Close your eyes. Imagine you are walking through an area of pristine forest. The air is completely pure and you can taste the freshness with every breath. No diesel particulates, no fumes, no dirty urban smells. The light casting a dappled pattern on the forest floor is also free from any human interference. There are no streetlights nearby and there isn’t a glow on the horizon from the combined light emissions of a thousand homes. The only sounds are the interactions of the natural world; wind passing through the branches of the ancient oak trees that surround you, water burbling over rocks in the river and birds calling to one another in the never-ending quest to find a mate. You pause and bend down to drink from the river and find that the water is also free of any unwanted additions. It’s clear and tastes sweet. There is no agricultural run off to sour it, there are no sewage overspills upriver and no scum floats on the surface. In fact the only movement in the water is the darting of tiny fish as they travel from their spawning grounds in the gravelly sediment of the upper reaches.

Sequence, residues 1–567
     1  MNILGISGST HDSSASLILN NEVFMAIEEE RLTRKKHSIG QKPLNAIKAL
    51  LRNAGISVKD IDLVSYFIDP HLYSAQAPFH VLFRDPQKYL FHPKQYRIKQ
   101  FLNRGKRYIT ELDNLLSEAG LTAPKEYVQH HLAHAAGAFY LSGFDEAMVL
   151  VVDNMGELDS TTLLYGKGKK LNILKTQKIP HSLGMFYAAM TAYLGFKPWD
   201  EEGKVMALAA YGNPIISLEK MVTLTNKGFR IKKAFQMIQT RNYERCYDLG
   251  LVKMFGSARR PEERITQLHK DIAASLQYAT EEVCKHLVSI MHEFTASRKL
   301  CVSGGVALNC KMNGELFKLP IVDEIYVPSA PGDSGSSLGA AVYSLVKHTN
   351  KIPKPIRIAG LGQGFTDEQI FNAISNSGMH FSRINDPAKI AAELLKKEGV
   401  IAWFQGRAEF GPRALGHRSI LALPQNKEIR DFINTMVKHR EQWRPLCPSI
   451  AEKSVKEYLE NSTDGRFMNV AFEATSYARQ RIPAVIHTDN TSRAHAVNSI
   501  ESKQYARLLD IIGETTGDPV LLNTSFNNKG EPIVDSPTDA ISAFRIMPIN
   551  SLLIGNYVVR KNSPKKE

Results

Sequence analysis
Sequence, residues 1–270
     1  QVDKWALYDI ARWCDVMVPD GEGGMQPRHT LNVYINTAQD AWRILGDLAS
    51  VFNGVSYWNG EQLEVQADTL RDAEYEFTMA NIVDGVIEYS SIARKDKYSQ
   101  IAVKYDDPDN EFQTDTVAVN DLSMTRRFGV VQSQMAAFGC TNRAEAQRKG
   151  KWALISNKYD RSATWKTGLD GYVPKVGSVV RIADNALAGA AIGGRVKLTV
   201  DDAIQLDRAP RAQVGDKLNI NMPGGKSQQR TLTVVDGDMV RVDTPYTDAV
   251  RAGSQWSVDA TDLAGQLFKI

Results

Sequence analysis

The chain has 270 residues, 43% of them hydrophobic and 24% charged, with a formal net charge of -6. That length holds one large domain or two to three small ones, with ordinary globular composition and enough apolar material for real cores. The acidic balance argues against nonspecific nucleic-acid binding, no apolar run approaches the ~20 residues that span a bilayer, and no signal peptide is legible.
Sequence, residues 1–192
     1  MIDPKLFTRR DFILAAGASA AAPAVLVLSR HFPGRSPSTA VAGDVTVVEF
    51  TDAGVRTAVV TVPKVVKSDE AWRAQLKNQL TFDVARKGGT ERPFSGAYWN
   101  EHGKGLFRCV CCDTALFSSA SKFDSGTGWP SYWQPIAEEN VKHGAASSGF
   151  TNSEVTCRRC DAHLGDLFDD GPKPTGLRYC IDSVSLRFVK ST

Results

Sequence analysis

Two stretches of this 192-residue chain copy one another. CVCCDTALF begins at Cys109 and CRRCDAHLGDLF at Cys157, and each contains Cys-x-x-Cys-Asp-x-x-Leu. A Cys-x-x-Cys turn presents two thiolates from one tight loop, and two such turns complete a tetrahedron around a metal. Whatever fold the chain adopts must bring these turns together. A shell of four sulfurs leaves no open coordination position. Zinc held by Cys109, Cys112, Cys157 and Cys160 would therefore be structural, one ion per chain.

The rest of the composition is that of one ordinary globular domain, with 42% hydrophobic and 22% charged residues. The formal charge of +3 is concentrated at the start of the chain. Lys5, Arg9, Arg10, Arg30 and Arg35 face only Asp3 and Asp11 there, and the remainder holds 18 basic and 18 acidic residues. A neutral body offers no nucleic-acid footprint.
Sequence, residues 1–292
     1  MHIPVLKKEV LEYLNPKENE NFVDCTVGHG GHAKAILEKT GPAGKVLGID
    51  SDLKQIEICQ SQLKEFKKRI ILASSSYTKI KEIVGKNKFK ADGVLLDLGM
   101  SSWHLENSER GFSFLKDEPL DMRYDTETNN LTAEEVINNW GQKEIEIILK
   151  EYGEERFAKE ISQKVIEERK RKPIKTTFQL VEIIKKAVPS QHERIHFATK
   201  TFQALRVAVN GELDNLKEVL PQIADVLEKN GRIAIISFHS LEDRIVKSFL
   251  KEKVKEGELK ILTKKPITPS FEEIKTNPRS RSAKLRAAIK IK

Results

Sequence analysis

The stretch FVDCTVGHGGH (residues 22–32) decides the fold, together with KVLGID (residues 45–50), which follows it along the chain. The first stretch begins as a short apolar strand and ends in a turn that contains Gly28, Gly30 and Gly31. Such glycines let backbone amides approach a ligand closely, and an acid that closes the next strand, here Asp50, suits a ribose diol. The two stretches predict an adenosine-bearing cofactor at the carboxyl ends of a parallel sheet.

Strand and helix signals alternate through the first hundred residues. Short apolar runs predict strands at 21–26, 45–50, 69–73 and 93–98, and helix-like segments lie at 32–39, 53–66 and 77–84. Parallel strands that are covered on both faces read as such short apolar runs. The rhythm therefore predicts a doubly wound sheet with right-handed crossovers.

As you peer into the forest more intently you recognise that the full age spectrum of trees are growing all around you. This forest is predominantly made up of oak trees, a creature that can live for up to a thousand years, and you can see tiny saplings in the first burst of life growing in the shade of giant nurturing old mother trees who are likely entering their sixth or seventh century. In between there are excitable juvenile trees that crest at head height, proud mature oaks producing an abundance of acorns and weary veterans whose roots intertwine with the mycelial fungal network that creates a mat beneath your feet that your toes sink into. They all jostle for space amongst a neighbourly riot of red berried rowan, catkin draped hazel, pale barked holly and thirsty springy willow. The rocks are covered in sphagnum moss, so soft and spongy that they would make perfect bedding if they weren’t so sodden. The bases of the trees are surrounded by a cacophony of brambles, ferns, bilberry and toadstools while in the canopy a graceful garland of spearmint lichen coats the branches and hangs down like living stalactites all the way until their outstretched fingers gently stroke the mycorrhizal floor.